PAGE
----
"I can't tell you the [financial] risk if you weren't able to hold the Possible Dreams auction," Mr. Pepe said. Auction proceeds from August 2002 - $388,000 - apply to the fiscal year just reported; this summer's record auction donations will apply to next year.
Operational losses have climbed over the last five years.
"If this keeps going, your fundraising will not be able to keep pace with operating losses," said Mr. Pepe.
Board member Robert Wheeler asked: "Which could mean a reduction in free services?"
"You wouldn't have any choice," said John Hopkins, another member of the auditing team. "It's almost inevitable with a health and human services agency."
Taking visual cues from agency leaders in the rear of the room, the auditing firm representatives refused questions from employees.
"Questions are just for the board of directors. These are in draft format, and it's very important that they hear this and ask questions before [the finance committee's] vote," said Mr. Pepe.
"I'm sorry, I didn't realize questions were just for the board," one counselor said aloud.
"Why's that?" asked Jane Dreeben, an ICC clinician. The financial presentation went on.
At the end of the auditor's report, Ms. Burke banged the gavel, declaring the board meeting over. A union member launched into a prepared statement after a brief arguement between Mr. Fishbein and Ms. Burke. Several board members gathered their belongings and filed out of the hall as counselor Jane Cleare began reading a statement.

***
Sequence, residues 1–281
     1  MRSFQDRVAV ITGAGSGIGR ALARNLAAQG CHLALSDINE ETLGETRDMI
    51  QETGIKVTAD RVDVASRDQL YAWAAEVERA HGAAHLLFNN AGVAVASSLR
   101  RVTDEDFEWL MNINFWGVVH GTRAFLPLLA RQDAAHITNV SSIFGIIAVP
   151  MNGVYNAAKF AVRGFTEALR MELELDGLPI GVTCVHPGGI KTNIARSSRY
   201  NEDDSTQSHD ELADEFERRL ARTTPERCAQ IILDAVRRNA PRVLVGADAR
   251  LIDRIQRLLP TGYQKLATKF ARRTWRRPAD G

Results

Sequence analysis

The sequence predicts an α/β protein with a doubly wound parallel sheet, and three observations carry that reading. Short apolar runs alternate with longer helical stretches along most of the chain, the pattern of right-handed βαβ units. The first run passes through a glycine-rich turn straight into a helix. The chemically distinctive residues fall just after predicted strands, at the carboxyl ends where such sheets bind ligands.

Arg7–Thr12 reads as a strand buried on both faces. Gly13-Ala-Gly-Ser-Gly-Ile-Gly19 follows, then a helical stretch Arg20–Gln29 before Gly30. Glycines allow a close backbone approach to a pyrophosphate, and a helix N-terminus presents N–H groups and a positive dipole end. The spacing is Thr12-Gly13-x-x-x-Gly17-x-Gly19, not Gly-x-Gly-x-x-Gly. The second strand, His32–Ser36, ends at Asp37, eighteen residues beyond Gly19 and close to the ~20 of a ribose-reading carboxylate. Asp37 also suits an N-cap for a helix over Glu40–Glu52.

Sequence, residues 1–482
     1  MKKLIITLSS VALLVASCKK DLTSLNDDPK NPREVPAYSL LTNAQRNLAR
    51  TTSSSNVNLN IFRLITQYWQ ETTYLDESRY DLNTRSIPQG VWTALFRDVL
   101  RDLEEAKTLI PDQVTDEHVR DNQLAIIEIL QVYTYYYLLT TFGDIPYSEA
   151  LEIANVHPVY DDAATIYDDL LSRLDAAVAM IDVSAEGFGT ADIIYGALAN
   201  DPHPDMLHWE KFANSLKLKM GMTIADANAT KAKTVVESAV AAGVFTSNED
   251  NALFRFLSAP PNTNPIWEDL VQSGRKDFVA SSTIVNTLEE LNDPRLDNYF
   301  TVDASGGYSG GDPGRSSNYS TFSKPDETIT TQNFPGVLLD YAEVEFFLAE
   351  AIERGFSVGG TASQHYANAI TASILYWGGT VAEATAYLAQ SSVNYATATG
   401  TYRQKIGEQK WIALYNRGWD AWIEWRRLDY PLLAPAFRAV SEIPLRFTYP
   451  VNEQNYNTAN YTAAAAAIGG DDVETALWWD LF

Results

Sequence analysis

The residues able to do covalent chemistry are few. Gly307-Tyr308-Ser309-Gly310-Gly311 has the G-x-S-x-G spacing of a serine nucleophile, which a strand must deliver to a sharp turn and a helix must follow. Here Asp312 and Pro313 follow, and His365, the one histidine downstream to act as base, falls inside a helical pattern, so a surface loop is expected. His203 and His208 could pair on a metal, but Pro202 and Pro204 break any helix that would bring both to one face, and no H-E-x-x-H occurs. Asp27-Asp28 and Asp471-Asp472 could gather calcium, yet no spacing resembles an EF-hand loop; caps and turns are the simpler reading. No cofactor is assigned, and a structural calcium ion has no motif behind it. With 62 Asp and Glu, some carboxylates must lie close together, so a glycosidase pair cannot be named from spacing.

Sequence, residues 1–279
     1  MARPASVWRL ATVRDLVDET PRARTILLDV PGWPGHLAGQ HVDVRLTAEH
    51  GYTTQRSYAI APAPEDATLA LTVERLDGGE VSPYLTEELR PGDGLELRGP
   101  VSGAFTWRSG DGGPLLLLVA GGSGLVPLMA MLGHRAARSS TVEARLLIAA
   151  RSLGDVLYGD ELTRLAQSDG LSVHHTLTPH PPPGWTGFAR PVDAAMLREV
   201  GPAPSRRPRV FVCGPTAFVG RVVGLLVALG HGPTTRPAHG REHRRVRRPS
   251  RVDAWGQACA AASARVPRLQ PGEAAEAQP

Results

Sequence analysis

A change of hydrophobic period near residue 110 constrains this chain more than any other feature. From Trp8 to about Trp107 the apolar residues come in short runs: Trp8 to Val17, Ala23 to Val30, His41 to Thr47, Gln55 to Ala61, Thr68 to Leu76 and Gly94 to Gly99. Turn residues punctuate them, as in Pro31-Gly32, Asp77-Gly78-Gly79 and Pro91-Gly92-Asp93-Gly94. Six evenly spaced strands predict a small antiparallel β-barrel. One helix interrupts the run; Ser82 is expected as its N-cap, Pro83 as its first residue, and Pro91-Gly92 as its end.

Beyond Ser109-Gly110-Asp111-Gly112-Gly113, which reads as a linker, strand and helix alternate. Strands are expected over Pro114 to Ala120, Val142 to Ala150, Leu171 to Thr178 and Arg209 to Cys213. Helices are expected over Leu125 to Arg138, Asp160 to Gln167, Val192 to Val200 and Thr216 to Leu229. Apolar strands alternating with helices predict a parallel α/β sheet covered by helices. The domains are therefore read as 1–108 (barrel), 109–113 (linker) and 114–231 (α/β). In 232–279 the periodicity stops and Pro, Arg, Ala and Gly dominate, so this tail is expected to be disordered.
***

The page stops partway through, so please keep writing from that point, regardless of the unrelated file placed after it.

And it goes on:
"Yesterday, for the first time the agency agreed to engage in the types of off-the-record discussions involving union members and agency leaders that we have sought for months," Ms. Cleare said, raising her voice over the sound of shoes clanking on the barn's hardwood floor as one director paced across the room.
Union leadership had decided to delay giving management - as required by law - a 10-day notice of an intention to strike, she said. "We are holding off because we recognize this is a significant change, but it remains unclear how significant it is and we will not hold off for a very long time," she said.
Under terms of the agreement, two meetings - which will bring board members to a table with employees - must be held before Nov. 7. Both sides are waiving rights to file unfair labor charges during these meetings, and no formal agreements can be reached during these unofficial discussions. A federal mediator will monitor the meetings.
"While we will not be on strike in the next ten days, we fully expect to be on strike before the end of November if we are unable to resolve the dispute. After more than a year of negotiations, the next few days will be critical," Ms. Cleare concluded.
A strained round of applause - led by a handful of leaders in the medical community also attending the meeting - followed Ms. Cleare's reading of the page-long announcement.
Ten feet away, a dozen tables with places set for dinner awaited guests for the staff and volunteer recognition banquet scheduled to follow the meeting. But the union members did not stay.
Lingering on the hall's front porch after the meeting as volunteers headed inside for the dinner, a dozen counselors expressed little hope that a strike would be avoided.
"At least we know [board members will] show up [for the proposed meetings], but I'm not heartened by what I saw tonight. How could you be?" said Mr. Doyle.